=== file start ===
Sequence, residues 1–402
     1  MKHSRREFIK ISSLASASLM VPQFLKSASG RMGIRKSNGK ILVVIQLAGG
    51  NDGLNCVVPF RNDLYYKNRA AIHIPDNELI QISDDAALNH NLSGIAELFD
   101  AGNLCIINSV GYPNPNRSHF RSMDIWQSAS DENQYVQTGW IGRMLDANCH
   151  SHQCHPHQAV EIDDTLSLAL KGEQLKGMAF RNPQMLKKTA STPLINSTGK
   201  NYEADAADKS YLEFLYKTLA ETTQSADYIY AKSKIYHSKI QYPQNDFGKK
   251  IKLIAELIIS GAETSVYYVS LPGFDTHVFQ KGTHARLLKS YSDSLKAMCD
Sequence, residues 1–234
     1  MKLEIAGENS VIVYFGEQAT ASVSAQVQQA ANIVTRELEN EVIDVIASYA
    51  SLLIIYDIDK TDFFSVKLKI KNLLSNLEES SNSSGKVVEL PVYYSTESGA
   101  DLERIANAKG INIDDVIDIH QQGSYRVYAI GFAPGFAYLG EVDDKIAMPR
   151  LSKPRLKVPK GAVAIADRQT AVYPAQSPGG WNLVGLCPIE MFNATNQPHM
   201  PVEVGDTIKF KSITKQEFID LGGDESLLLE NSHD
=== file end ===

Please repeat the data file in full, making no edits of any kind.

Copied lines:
Sequence, residues 1–402
     1  MKHSRREFIK ISSLASASLM VPQFLKSASG RMGIRKSNGK ILVVIQLAGG
    51  NDGLNCVVPF RNDLYYKNRA AIHIPDNELI QISDDAALNH NLSGIAELFD
   101  AGNLCIINSV GYPNPNRSHF RSMDIWQSAS DENQYVQTGW IGRMLDANCH
   151  SHQCHPHQAV EIDDTLSLAL KGEQLKGMAF RNPQMLKKTA STPLINSTGK
   201  NYEADAADKS YLEFLYKTLA ETTQSADYIY AKSKIYHSKI QYPQNDFGKK
   251  IKLIAELIIS GAETSVYYVS LPGFDTHVFQ KGTHARLLKS YSDSLKAMCD
Sequence, residues 1–234
     1  MKLEIAGENS VIVYFGEQAT ASVSAQVQQA ANIVTRELEN EVIDVIASYA
    51  SLLIIYDIDK TDFFSVKLKI KNLLSNLEES SNSSGKVVEL PVYYSTESGA
   101  DLERIANAKG INIDDVIDIH QQGSYRVYAI GFAPGFAYLG EVDDKIAMPR
   151  LSKPRLKVPK GAVAIADRQT AVYPAQSPGG WNLVGLCPIE MFNATNQPHM
   201  PVEVGDTIKF KSITKQEFID LGGDESLLLE NSHD